From conception worries, to raging pregnancy hormones, tricky labours, and those dreaded sleepless nights, it’s no wonder that so many new parents find the whole whirlwind emotionally challenging, and anxiety-inducing. But in opening up about our feelings, and seeking the right support, we can move forward positively and leave parenting anxiety in the past

Official stats in the UK suggest that more than one in 10 new mothers experience postnatal depression (PND) and anxiety, but experts believe this number is actually a lot higher, with many not disclosing how they really feel. New fathers are equally susceptible to mental health issues too, with more than one in three new dads concerned about their mental health, and one in 10 new fathers having PND.

pregant woman

As a new mum myself, I can relate only too well, as I experienced the little talked about prenatal anxiety. Having been diagnosed with generalised anxiety disorder with depression more than a decade ago, I always knew I’d be a candidate for it to return during pregnancy. Statistics show that one in two of us with previous mental health issues are likely to experience it again pre- and postnatally, so close monitoring and self-care is essential.

After a traumatic birth, my postnatal anxiety temporarily made me question my feelings on motherhood, and threatened me bonding with my baby. I was cripplingly anxious about looking after him, and recovering myself, and so found very little joy in those months. This is where it’s important to recognise when anxiety needs to be taken seriously; when it becomes a daily challenge, and negatively affects thoughts, feelings and behaviours.

In my book, Breaking Mum and Dad: The Insider’s Guide to Parenting Anxiety, I talk about the mental health topics that surround becoming a new parent. My research was overwhelmingly conclusive that pretty much all new parents feel the same cocktail of emotions, being overwhelmed, and anxious at times – but by speaking openly, we can kick parenting anxiety to the curb.

1. Go at your own pace

It can be overwhelming to think that others are coping, or getting on with things, better or quicker than you. Every birth is different, every child is different, and therefore everyone’s recovery and way of adapting is different. Never measure yourself against anybody else. Trust your body and mind to go at the pace that’s right for you.

2. Keep talking

The first few weeks and months can be an anxiety hotspot, with so much change. You may even feel anxious about your feelings towards your baby, and wonder where that Hollywood wallop of love is, but very few people actually feel this, and that’s OK – you’ve only just met this little person after all, and it can take time for feelings to grow. The main thing is to not bottle up your emotions or worries. Talk to someone you trust, and work through what might be going on in your head to relieve any anxiety.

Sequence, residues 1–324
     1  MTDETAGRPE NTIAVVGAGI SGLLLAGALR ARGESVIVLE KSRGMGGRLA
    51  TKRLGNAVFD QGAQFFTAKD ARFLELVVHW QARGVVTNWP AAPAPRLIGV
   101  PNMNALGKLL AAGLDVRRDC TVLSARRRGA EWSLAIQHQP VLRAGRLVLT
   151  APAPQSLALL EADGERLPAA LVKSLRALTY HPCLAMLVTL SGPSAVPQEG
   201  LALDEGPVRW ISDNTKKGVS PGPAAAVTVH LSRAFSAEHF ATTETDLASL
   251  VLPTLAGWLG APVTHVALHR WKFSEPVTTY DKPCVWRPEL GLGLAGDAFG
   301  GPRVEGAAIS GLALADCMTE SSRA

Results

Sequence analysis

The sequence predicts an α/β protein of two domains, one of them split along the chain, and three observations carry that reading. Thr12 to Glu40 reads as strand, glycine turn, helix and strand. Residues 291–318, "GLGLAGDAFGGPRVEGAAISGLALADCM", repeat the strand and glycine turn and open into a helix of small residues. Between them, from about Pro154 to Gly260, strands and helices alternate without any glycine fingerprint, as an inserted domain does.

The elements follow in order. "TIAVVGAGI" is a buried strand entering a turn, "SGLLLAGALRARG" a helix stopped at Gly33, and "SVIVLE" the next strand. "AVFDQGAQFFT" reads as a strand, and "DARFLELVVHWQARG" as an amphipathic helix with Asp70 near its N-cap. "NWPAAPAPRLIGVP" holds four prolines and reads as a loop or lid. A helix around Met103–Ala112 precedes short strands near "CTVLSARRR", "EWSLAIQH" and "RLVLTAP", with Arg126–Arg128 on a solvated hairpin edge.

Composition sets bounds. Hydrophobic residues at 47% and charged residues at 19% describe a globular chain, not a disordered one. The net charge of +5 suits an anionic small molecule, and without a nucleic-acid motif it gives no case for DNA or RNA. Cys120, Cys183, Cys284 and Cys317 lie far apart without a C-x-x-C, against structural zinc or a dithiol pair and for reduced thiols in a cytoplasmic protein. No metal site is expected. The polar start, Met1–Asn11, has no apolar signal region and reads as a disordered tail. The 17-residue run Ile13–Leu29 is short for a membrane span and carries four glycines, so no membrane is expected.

3. Ignore the know-it-alls

Parenting, it seems, is a free-for-all, where everyone wants to share their wisdom – whether it’s been asked for or not. Too many people offering advice can make a new parent feel anxious, and chip away at their fragile confidence. By all means ask for help, but if someone keeps pushing “their way” on you, politely hold your own, and let them know that you appreciate them caring, but you have your own way of doing things.

4. Make new parent mates

Becoming a new parent can throw you into a situation not too dissimilar from your first day of school. Suddenly, you find yourself on maternity or paternity leave, feeling a little isolated at home, but realising that most of your friends are at work. Making new friends can be daunting, but remember that everybody is in the same boat – normally completely winging it and hoping for the best. Consider joining some local groups or clubs where you can interact with other new parents, and look for people with similar interests.

You only need one or two people to give you support on those more monotonous days, and offer a well-needed shoulder and a cuppa, to allow you to offload any pent-up anxiety.

5. Going back to work

For those parents who return to work, this is always an emotional topic; suddenly emerging from your baby bubble and getting back into the real world, along with the added anxiety of leaving your little one for several hours a day while you earn the pennies. The important thing is to go at your own pace, and keep communicating with your boss and colleagues so it isn’t overwhelming.

Do some research, and have taster sessions at nurseries or with childminders to familiarise yourself and baby, and get any boundaries (such as leaving on time, working hours etc.) set with your employer before you go back. This should give you peace of mind and reduce any anxiety about having to return to work.

Anna is a TV and radio presenter, and the author of number one best-selling books ‘Breaking Mad: The Insider’s Guide to Conquering Anxiety’, and ‘Breaking Mum and Dad: the Insider’s Guide to Parenting Anxiety’. She is a certified counsellor, life coach, and NLP practitioner. Visit for more.